Last updated in April 2018.
As cycle touring has exploded in popularity in recent years, a handful of manufacturers have begun producing cheap touring bikes aimed at cycle tourists on a low budget. In this article we’re going to have a look at some of the entry-level options available in to UK buyers.
Cheap Touring Bikes – What To Expect
When I say ‘low budget’, don’t expect prices as cheap as those sub-£100 spam bikes from Halfords. There’s a line below which a cheap touring bike would be so full of compromises and therefore so unfit for its intended purpose that it wouldn’t be worth making or selling it. Touring bikes need to be able to do a lot of miles and carry a lot of luggage – something that will never change.
The entry-level price point for touring bikes is therefore roughly between £400 and £650 GBP.
For that, you can expect to get a cheap new touring bike from a reputable manufacturer that will serve you well if you understand its limitations.
These bikes are usually road-oriented, with classic touring geometry, 700C wheels, drop handlebars, cantilever rim brakes, and drivetrains taken from the basic end of the mountain-biking market (or a mix of mountain bike and road components).
They’ll generally be based on aluminium frames (which are cheaper to manufacture than steel), and will come with a basic rear rack and mudguards.
Don’t expect a front rack, and expect contact parts like saddle, pedals, grips and tyres to be relatively cheap and cheerful, designed to get you started rather than to keep you going forever.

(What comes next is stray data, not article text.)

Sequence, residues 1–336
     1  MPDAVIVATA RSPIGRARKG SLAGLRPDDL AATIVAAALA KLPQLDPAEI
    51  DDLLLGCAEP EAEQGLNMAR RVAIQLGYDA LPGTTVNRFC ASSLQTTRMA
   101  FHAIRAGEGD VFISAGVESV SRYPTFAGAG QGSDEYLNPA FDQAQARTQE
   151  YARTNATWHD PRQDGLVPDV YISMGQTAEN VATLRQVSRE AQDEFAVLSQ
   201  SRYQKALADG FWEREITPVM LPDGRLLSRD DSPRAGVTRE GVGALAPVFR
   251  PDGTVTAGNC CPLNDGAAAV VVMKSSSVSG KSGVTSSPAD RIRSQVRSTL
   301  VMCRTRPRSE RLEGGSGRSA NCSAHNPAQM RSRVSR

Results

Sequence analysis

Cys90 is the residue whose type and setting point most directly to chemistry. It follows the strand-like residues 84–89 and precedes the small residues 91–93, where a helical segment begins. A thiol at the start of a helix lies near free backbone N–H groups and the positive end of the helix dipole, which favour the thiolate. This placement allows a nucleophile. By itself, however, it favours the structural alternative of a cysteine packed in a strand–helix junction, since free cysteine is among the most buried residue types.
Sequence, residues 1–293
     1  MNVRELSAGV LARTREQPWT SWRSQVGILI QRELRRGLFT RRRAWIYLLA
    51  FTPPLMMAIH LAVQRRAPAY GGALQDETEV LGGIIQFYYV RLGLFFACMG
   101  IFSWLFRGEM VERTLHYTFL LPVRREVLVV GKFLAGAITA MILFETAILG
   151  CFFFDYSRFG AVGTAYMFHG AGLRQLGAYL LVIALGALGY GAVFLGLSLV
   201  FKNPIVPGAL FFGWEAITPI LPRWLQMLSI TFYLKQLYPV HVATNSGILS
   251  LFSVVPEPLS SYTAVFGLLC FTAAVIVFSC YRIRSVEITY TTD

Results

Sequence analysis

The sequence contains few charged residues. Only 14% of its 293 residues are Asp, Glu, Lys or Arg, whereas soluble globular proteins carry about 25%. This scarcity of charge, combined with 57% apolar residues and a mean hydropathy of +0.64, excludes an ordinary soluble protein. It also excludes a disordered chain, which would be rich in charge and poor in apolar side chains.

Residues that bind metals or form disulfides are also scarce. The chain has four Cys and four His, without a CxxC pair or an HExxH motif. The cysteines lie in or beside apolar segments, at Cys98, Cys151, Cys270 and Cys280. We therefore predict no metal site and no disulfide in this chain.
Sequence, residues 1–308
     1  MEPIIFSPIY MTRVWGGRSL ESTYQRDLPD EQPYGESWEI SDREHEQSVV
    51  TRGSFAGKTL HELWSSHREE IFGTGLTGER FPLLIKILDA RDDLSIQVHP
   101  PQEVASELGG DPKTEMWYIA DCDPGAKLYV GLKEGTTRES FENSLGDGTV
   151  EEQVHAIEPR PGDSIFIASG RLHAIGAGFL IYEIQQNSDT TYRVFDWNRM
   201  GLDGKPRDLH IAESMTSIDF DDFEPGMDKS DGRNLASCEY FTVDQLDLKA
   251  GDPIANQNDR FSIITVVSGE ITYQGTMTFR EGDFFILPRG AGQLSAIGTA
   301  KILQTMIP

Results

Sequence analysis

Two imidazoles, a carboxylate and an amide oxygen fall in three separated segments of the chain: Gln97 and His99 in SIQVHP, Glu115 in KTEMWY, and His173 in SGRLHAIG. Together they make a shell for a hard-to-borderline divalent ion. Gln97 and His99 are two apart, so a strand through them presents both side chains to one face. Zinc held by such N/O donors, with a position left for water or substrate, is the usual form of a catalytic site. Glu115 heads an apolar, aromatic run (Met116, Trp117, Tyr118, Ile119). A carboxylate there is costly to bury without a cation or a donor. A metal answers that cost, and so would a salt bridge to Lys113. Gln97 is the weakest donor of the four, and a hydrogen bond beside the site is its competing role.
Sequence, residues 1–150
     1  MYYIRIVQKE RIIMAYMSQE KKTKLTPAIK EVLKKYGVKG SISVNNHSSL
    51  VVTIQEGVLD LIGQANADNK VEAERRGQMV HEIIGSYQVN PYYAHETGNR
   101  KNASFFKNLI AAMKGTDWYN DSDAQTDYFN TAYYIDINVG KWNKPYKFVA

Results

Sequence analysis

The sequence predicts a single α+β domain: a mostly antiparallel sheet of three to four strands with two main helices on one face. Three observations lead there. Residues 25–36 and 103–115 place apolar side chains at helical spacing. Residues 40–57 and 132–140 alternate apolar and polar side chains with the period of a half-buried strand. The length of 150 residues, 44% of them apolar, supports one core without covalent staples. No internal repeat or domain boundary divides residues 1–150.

Such bikes are a good choice for those who want to give cycle touring a try but don’t want to invest a thousand pounds or more in a classic high-end touring rig. If you like it, these bikes are often prime for upgrading; if you don’t, you can sell it and lose very little in the process.
All the usual advice regarding buying bikes online applies equally here. Having said that, let’s have a look at some of the cheapest touring bikes on offer right now in the new touring bike market…
Adventure Flat White (RRP £440)
First up from Adventure Outdoor Co (a sub-brand of Sportline, one of the UK’s biggest bicycle distributors) is the Flat White, part of their series of entry-level bikes. It’s an impressive effort to produce what is probably the cheapest off-the-peg touring bike on the market in the UK right now.
The cromoly steel frame in particular will attract a lot of interest, and it looks to be well thought out in terms of eyelets and braze-ons. The 2x7sp Tourney drivetrain isn’t going to impress anyone, but there’s no particular reason it wouldn’t take you a couple of thousand miles before needing attention – and spares for this range are abundant and cheap.
Read more at the Adventure Outdoor Co website, or read a review of the Flat White by an experienced bike builder right here. I’ve found them online at Very.co.uk, as well as Damian Harris Cycles in Cardiff, Freeborn in Horsham, and Swinnerton Cycles in Stoke-on-Trent.
Roux Etape 150 (RRP £530)
The Roux Etape 150 is a classically-styled road touring bike based on an aluminium frame and a basic 3x7sp drivetrain. It has all the features you’d expect from a budget touring bike in this list. It’s available in just 3 rather middling sizes – especially tall or short riders will probably need to look elsewhere.
On paper, you’ll find little to choose from between this and other bikes in this list. The Etape 150, however, will probably be one of the harder ones to find and test-ride – which, as we all know, is the single best way to avoiding buying the wrong touring bike.
Ridgeback Tour (RRP £600)
Ridgeback’s World series has gone from strength to strength in the last few years, with an increasing number of long-distance tours being pulled off on the Panorama, and a brave move into 26-inch wheel expedition bike territory with the Expedition. The Tour is their entry-level offering, and for the price, you’ll find an impressively well-specified aluminium-framed touring bike with plenty of upgrade potential.